At the center of the story is Augustus Melmotte, a European-born city financier, whose origins are as mysterious as his business dealings. Trollope describes him as 'something in the city',... See full summary »
18th-century England and Ireland viewed through the eyes of four beautiful high-born sisters - Caroline, Emily, Louisa, and Sarah Lennox, great-granddaughters of a king, daughters of a cabinet minister, and wives of politicians and peers.
When Elizabeth Tudor comes to the throne, her (male) advisers know she has to marry. Doesn't she? Thus starts a decades-long political/ matrimonial game, during an age of high passions and high achievement.
After the downfall of Cardinal Wolsey, his secretary, Thomas Cromwell, finds himself amongst the treachery and intrigue of King Henry VIII's court and soon becomes a close advisor to the King, a role fraught with danger.
In the eighteenth century, London is a city filled with prostitutes, pimps, gamblers and villains. In a time before the invention of modern policing procedures, the novelist Henry Fielding ... See full summary »
The focus of King Charles II (Rufus Sewell) is his court, his squabbling family and his glamorous mistresses - from the high-born and promiscuous Barbara Villiers, Countess of Castlemaine (Helen McCrory), through folk heroine and sex symbol of the day Nell Gwynne (Emma Pierson), to the French spy Louise de Kéroualle (Mélanie Thierry). It is an original take on a historical period written by award-winning Screenwriter Adrian Hodges, whose credits include David Copperfield (1999) and The Lost World (2001), which penetrates to the heart of the charismatic monarch who was deeply traumatized by the execution of his father.
Christian Coulson, Shirley Henderson, Helen McCrory, and David Bradley appeared in the Harry Potter film franchise. See more »
Just before the sequence concerning the smallpox epidemic, we get a brief look at The King's upper right arm and can clearly see a smallpox vaccination scar. See more »
King Charles II:
It's all been for nothing, Nell. The cause that gave my life meaning, will die with me. I fought to restore everything that was lost when my father was murdered but James will destroy it all. I know that, I've always known that.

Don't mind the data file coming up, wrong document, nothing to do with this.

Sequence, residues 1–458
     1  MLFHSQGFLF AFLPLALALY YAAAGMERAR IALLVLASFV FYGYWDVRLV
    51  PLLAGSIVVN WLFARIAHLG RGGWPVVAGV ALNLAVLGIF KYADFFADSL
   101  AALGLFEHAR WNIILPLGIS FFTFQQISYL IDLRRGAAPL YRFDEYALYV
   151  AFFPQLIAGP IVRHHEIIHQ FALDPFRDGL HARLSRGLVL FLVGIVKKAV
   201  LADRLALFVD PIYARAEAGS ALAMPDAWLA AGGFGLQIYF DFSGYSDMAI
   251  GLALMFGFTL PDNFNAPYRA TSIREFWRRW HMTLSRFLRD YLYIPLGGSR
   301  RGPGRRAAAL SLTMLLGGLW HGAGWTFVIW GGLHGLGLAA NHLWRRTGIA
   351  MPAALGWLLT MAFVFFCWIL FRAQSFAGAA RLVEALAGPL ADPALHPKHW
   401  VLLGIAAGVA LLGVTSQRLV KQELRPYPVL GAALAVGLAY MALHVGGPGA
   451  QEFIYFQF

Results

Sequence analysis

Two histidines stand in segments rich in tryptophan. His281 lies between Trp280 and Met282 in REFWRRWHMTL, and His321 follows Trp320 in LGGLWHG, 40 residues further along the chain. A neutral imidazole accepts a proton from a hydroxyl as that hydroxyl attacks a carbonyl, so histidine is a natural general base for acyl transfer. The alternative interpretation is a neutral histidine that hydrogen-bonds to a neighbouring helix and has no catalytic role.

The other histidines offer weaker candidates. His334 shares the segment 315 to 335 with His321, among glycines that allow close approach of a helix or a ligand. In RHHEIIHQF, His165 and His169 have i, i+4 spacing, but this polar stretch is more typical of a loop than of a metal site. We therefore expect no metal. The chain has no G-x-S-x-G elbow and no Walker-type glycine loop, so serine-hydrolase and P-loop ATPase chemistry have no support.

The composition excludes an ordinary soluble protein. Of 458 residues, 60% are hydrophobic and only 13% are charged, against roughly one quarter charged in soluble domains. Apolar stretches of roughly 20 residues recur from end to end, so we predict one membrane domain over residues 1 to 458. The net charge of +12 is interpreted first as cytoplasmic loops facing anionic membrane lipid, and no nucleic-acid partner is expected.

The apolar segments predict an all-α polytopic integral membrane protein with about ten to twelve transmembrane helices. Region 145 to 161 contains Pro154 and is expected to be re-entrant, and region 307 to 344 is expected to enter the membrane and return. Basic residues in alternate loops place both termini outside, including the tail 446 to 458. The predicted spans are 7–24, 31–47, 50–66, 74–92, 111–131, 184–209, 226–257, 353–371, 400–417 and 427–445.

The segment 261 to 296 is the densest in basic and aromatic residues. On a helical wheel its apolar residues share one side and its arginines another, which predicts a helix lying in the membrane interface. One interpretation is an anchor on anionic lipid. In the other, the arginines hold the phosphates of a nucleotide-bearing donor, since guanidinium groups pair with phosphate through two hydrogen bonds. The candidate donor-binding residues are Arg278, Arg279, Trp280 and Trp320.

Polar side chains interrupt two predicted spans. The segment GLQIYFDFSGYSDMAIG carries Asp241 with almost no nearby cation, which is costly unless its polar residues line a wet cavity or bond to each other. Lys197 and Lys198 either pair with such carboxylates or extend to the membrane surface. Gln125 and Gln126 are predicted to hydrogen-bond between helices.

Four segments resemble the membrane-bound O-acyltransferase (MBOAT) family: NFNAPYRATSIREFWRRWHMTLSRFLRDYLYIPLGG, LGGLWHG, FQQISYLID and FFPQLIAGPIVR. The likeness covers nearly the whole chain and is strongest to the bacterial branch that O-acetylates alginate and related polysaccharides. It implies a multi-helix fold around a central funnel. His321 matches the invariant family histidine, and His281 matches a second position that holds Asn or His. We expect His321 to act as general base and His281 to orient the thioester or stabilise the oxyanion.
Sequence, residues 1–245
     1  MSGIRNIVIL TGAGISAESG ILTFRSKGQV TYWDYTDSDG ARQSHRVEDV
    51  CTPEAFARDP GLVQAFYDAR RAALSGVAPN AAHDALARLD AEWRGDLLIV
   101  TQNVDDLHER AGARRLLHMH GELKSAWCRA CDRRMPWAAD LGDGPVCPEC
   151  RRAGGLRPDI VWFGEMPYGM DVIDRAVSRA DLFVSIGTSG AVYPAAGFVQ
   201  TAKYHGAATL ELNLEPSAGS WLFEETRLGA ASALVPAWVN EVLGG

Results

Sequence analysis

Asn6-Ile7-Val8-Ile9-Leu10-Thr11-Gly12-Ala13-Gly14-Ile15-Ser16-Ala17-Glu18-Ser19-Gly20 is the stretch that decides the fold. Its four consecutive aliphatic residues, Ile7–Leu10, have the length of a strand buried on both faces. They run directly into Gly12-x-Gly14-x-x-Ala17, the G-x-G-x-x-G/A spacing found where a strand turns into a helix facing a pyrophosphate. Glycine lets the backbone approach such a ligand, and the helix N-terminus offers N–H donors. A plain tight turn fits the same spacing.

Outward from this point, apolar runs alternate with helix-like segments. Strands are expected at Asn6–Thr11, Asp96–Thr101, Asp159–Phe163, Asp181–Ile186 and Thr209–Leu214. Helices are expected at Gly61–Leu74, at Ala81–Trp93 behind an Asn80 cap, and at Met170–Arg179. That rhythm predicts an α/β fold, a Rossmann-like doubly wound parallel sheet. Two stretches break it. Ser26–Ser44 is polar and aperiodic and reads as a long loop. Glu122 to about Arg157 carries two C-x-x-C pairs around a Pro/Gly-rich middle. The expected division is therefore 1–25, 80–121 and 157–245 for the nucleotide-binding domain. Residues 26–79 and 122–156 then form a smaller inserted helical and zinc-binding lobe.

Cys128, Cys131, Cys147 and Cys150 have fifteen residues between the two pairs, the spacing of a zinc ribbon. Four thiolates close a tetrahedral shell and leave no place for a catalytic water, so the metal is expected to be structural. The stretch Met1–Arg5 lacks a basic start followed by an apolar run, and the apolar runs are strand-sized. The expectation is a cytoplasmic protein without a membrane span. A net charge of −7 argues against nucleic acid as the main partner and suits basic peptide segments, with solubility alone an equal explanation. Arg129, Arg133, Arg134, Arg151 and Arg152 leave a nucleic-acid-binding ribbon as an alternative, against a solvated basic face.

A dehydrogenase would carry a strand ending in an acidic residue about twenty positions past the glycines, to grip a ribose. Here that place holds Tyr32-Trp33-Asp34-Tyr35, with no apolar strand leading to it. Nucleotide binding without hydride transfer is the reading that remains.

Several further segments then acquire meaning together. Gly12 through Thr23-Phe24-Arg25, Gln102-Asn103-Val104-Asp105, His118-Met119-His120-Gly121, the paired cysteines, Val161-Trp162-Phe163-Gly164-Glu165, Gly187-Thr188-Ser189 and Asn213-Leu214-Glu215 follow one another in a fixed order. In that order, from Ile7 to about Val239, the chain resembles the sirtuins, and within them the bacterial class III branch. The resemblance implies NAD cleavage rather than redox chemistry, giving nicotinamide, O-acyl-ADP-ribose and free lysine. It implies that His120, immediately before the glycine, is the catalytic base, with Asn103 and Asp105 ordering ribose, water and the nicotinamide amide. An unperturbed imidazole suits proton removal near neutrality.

Then why did you fight so hard for him?
King Charles II:
Not for him, for the principle. For the rights of Kings. Parliament will have its victory in the end.
You know what I think about politics; it's all a lot of foolish men scheming to ruin each other for no reason anyone can remember a...
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The version shown in UK was titled "Charles II: The Power & The Passion" and its original running time is 235 minutes. It was broadcast on TV by BBC in four parts, as it is also on the UK DVD distributed by BBC. The longer UK version has also been released in many European countries (Finland, Netherlands and more) and Australia. The version shown in USA on A&E was titled "The Last King" and has a running time on 188 minutes, cutting it down by almost 40 minutes. The DVD released by A&E in USA is the shorter version. See more »
First, those of you who watched this as a three-hour movie with 30 commercial breaks must have seen a royally butchered cut as the R2 DVD is four hour-long episodes.
Second, those who claim that the BBC are not as good as they used to be are, perhaps, not quite fair, but not totally wrong either. I imagine they are comparing Charles II to Elizabeth R; I, Claudius; or The Six Wives of Henry VIII, and yes, it's not as good as they were. But then, neither were the other series the BBC were making at that time.
But if such comparisons are not entirely fair, they are also inevitable. Elizabeth, Six Wives and Claudius were televised plays. They worked due to the interaction of great scripts and great acting. The costumes were icing on the cake; the direction and camera work were capable but never drew attention to themselves. These teleplays continued a dramatic tradition traceable back to Shakespeare. They were *plays*.
Charles II, on the other hand, as well as other historical dramas done by the BBC these days, has abandoned its dramatic lineage for cinematic aspirations, especially as technology becomes more affordable. I don't consider this a bad thing, though I do think it failed, just as many teleplays of the golden era failed in their attempts. There's nothing wrong with bringing direction, camerawork, production design, etc. to the fore. Unfortunately, the scripts suffer, at least in this case. The viewer is innundated with flashy techniques like handheld cameras which achieve nothing other than making the show look modern, or a seven-minute long single take near the end of the final episode which contained about three minutes of dialogue that actually advanced the plot or developed the character in meaningful ways.
Is it worth watching? Yes. But don't compare it the greatest costume dramas ever made. Take it for what is, and it's a fine drama.
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